A Mountain of Wildflowers

 

The early July day we drove onto our property for keeps is a day I’ll never forget. The four-acre meadow was white, covered with native oxeye daisies—my favorite. There were enough black-eyed Susans thrown in for variety, but not enough to take away the impression of snowy summer field.

At that time, we had no idea how many different wildflowers would grace us each year. We had to live through a full year to see it all. More, actually—a few, like jack-in-the-pulpit, can be hard for the novice to spot in a wooded landscape.

We didn’t know the following May and June would bring rhododendron blossoms throughout these mountains or that June-blooming flame azaleas dotted our property with mountain laurel following close behind. We’d never heard of fire pinks, which are actually blazing red. Red bee balm and both yellow and orange-spotted touch-me-nots are summer-to-fall natives.

Milkweed, Joe-pye weed, and ironweed (none of which should have the word weed attached to them) add varying hues of purple to the landscape. Open fields turn yellow when wild mustard, common ragwort, and evening primroses bloom.

The list goes on from March’s trillium to October’s purple asters—not to mention the many varieties of ferns, mushrooms, mosses, and lichens that share this land with us. But we all know pictures tell a story much more eloquently than words. Enjoy the two slideshows below.

 

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Evensong

Evensong*

I sit on my deck,
cup of lavender tea in hand
and listen to the plangent call
of mourning doves.

I hear the wind roar
through our towering
Norway spruce
and stand in awe.

I see the lambent end of day
as sun descends behind mountain’s crest,
morphing our valley’s verdant concavity
into opulent ambers and golds with its radiance.

I watch as crows
fly into the forest to roost,
their incantatory cawing
calling the rest of their crowd home.

I ruminate on the meaning,
the purpose, of life.
This is the moment
when my mind oscillates

from doubt to faith,
from faith to doubt,
and back again.

Nature’s wisdom
obfuscates my skepticism;
the concatenation of human suffering and natural beauty
overwhelms me.

*Note: I participated in a phenomenal writing workshop a while back. Our facilitator presented us with a list of fourteen words—some common, some not so common—to incorporate into a story or poem of our own making.  See if you can identify them in my poem. (Hint: look for 4 adjectives, 4 verbs, 6 nouns.)

Trees

Trees

“I think that I shall never see a poem as lovely as a tree.” —Joyce Kilmer, “Trees”

It may not the be one of the world’s great poems, but the sentiment rings true. Poems are just . . . well, poems. But trees! Trees are magnificent. The oldest known non-clonal living tree is a Great Basin bristlecone pine. At more tan 5,000 years old, it resides in California.

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It may not look it, but this 5,000 year-old bristlecone is still living. (Public domain photo by Mark Wilson.)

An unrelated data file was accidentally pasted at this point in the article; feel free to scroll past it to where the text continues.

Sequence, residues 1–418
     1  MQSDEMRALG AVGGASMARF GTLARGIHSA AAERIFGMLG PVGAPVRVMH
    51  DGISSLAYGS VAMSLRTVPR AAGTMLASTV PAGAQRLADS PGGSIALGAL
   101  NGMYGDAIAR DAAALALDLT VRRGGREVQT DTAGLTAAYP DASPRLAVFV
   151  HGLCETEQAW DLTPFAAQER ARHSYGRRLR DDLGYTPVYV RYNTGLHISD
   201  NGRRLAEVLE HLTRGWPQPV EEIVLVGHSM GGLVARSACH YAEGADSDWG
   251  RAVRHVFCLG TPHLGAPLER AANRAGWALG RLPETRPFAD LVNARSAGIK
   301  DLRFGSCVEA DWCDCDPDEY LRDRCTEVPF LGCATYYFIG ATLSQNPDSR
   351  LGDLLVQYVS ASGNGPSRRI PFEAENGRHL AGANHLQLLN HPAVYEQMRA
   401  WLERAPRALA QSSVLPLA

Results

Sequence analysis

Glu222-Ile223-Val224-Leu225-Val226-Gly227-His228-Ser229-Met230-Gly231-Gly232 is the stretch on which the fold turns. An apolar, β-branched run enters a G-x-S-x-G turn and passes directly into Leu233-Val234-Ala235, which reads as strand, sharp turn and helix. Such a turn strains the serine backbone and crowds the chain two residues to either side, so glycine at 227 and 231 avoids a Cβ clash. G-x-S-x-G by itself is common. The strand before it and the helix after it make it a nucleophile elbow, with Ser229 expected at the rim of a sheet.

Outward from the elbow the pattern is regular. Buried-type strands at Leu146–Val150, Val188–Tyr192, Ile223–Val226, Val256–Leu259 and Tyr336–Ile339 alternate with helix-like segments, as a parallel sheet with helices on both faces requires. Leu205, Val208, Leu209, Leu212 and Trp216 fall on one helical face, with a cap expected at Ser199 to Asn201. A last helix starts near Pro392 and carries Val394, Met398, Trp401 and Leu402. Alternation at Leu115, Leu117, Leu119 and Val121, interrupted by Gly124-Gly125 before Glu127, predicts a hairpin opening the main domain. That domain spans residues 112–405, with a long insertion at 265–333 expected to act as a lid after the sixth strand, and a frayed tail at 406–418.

As old as many bristlecones are, they’re not all that tall, ranging from 16 to 49 feet. The award for tallest tree goes to one of those gargantuan redwoods we grew up learning about. There’s a Coast Redwood, also in California, that’s just twenty feet shy of being 400 feet tall.

Then there’s the General Sherman giant sequoia in—you guessed it—California, the largest known living tree by volume, at more than 52,000 cubic feet. A wild fig tree located in Mpumalanga, South Africa has roots that go down 400 feet—that’s a deeper root system than the above-ground height of the General Sherman.

Honors for the tree with the largest diameter (38.1 feet) go to El Arbol del Tule, a cypress in Oaxaca, Mexico. Its circumference is a whopping 137+ feet. It would take about 25 adults standing in a circle, arms outstretched, fingertips touching, to reach around that tree. To put that in perspective, it would only take 18 of those same people to encircle our home, with its 24 x 26´ footprint.

About those clonal trees. If you’re like me, you’ve never heard of clonal and non-clonal trees, so here’s a lesson in a nutshell, so to speak. A non-clonal tree is an individual tree, just like you and I are individual people. A clonal tree, though, is a colony of genetically identical trees. The individual trees originate vegetatively from a single ancestor instead of sexually. So, when we talk about the age of a clonal colony, we’re really talking about the root system. Since the entire colony is part of a single root system, the whole is considered in determining age and weight. Pando, a colony of single Quaking Aspen located in Utah’s Fishlake National Forest, is at least 80,000 years old (by some estimates as much as 1,000,000 years old) and weighs an estimated 6,000 tons, making it both the world’s oldest known clonal tree and its heaviest known organism.

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Pondo Quaking Aspen colony, Fishlake National Forest, Utah (Public domain photo, US Government)

These are the exceptions, of course, and there’s more to trees than their age or size or weight. Trees provide shelter and food. They cool us with their shade. When they’re downed, they provide heat in stoves and fireplaces. And let’s not forget that they absorb carbon dioxide and provide life-sustaining oxygen for us humans. Remember those 18 people surrounding my home? An acre of trees produces enough oxygen to let them breathe for an entire year.

See? I wasn’t exaggerating when I said trees are magnificent. Yes, poems are just words. Trees are the real poetry.

Here’s some tree poetry in photographs (all photos taken by the Gnome or the Crone).

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(Note: The statistics referenced above came various crosschecked online sources. Occasionally, there’s some contradictory information out there, but the point remains the same.)